There’s little doubt that Music From Memory has made a big impression since slipping out its’ first release back in 2013. While there has been the odd brand new gem – the Gigi Masin, Young Marco and Jonny Nash collaboration as Gaussian Curve, most notably – the label’s primary focus was to reissue the obscure and overlooked music that founders Abel Nagengast, Jamie Tiller and Tako Reyenega had collectively and individually discovered. While this remit leaves enough wriggle room for sideways moves – see the quirky lo-fi synth-soul of Napoleon Cherry, say, or the epic experimentalism of Michael Turtle’s brilliant “Are You Psychic?” – the label is often at its best when exploring baggier, looser, dreamier and more loved-up pastures.

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Metropolis – Unify

Last year saw Dutch producer Nick Lapien enjoy acclaim through a record from his Artefakt project on Delsin and a solo release on Fed P’s Soul People label, but it’s as Metropolis that he most effectively captures the zeitgeist. Metropolis shares creative space with Giallo Disco, and artists like Roberto Auser and Timothy J. Fairplay  – both of whom have put out records on Charlois – but also has common ground with the Viewlexx/Murder Capital axis closer to Lapien’s home. Like those labels and their producers, Unify, his latest Metropolis release and Charlois debut, goes to great lengths to push electronic disco down a dark alley.

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Tapan – The City

After WT Records releases this year from Florian Kupfer and Entro Senestre, William Burnett’s label comes up with a wonderful, left of centre release to close out 2015. Tapan is the work of Serbian duo Nebojša Bogdanovic and Goran Simonoski, and their WT debut, The City, is dense, dark and compelling at nearly every turn.

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Parris – Burr

This new plate for Bristol’s Idle Hands by young Londoner Parris bears the familiar markings of a producer with a sub-bass obsession, who you can imagine perhaps cut his teeth on Youngsta’s Rinse FM shows. Parris has indeed followed that pioneer’s tradition, from working at the BM Soho record shop to running Soundman Chronicles, and releasing music with Wen on the iconic Tempa imprint. It’s producers like Parris that not only keep the dubstep flame burning, but, deeper still, in his own production he holds close the legacy of the original heads-down swingers El-B and J Da Flex who helped create that genre.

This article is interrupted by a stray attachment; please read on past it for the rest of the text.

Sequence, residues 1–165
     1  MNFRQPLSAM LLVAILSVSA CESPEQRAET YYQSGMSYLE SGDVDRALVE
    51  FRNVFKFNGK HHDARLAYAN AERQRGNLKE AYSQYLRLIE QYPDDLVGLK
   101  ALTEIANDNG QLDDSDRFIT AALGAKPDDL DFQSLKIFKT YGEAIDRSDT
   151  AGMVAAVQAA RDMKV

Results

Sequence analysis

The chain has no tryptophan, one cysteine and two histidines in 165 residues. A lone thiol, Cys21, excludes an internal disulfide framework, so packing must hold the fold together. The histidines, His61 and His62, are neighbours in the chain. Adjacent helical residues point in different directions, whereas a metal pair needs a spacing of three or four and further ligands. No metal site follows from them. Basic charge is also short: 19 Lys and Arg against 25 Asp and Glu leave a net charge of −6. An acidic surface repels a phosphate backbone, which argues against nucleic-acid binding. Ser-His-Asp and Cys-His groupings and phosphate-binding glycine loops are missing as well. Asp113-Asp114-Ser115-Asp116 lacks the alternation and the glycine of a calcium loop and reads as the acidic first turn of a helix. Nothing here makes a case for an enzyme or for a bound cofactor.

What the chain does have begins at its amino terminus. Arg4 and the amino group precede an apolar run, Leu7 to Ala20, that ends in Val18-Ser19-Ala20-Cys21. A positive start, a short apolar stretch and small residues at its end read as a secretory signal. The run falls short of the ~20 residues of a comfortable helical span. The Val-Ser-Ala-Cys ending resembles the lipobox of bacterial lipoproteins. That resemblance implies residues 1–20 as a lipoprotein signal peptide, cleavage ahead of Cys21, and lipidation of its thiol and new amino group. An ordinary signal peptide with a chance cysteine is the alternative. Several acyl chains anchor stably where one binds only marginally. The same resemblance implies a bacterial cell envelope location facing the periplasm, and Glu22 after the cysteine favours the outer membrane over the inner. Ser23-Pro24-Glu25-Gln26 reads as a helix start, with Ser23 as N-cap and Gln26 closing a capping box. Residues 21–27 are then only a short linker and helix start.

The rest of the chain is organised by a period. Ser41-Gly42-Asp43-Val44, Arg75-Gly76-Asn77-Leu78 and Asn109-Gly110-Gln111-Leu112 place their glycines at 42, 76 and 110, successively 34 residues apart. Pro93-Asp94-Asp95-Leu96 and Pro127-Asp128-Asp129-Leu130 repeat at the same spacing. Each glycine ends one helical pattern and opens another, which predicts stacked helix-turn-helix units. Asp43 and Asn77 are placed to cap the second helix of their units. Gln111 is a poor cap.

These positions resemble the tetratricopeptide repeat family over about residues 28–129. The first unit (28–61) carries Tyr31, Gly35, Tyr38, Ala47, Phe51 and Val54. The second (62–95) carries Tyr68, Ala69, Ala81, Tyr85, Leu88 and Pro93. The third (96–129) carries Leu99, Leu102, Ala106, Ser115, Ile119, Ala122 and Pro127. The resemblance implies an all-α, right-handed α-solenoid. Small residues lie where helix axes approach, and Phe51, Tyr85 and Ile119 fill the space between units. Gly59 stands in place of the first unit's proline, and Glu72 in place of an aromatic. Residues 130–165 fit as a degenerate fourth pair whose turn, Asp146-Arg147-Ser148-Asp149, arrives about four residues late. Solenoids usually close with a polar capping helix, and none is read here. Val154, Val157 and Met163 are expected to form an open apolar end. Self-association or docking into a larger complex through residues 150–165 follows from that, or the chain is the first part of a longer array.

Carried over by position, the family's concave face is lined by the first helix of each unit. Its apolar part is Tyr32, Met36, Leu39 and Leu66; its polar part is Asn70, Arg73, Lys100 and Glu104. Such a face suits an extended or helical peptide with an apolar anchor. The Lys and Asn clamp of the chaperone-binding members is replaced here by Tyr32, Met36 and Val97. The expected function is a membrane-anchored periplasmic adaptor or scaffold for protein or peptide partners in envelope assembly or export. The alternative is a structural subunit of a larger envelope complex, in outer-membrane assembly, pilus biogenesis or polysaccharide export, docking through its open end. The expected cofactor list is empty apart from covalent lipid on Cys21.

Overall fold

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Shanti Celeste – Being

2015 saw the South West of England flourish as a home for dance music with all eyes on Bristol. From the more established labels – Livity Sound, Idle Hands and Pinch’s Tectonic – to the newcomers such as Shall Not Fade, Hotline and Happy Skull, we’ve watched the city become ever more important hub for house, techno and grime. One of the most central figures of the city is Bristol-via-Chile’s Shanti Celeste who has risen from Idle Hands employee to amongst her current talents being a co-runner of label Brstl, an excellent DJ and also producer.

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L’estasi Dell’oro – Every Light Is Blue

It has been yet another productive year for Berlin imprint Macro. With releases from regular staples such as label head Stefan Goldmann and Austrian trio Elektro Guzzi, Macro has expanded its roster to include recent releases by Bulgarian hardware maverick KiNK, edgy French experimentalist rRoxymore and now another outing from Christopher Ernst’s L’estasi Dell’oro project. Likewise, this Brooklyn artist also had a rather productive 2015; alongside running the labels Voodoo Down and Flaneur Audio, he presented his second full length album I Look Upon Nature While Living In A Steel City on Field Recordings. Offering up eight tracks of haunting, industrial edged hypnotism with a nod to modern classical as heard in his two previous aliases: the UK bass influenced Subbway and the textural dub techno of Penalune.

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Szare – The Rain God Has Cursed The Golden Land

As last year’s debut album Lost Shapes proved, Szare’s music comes loaded with meaning and coded with secret messages. Initially, the duo’s arrival on Dutch label Field with The Rain God Has Cursed The Golden Land would seem to continue in this vein. However, on closer inspection, this appears not to be the case. Rather than imbue their music with grand statements, Szare prefer to take a tongue in cheek approach to techno. The way they see it, using politicised titles that hint at half-formed manifestos is their way of initially grabbing the listener’s attention to their abstract, complex techno.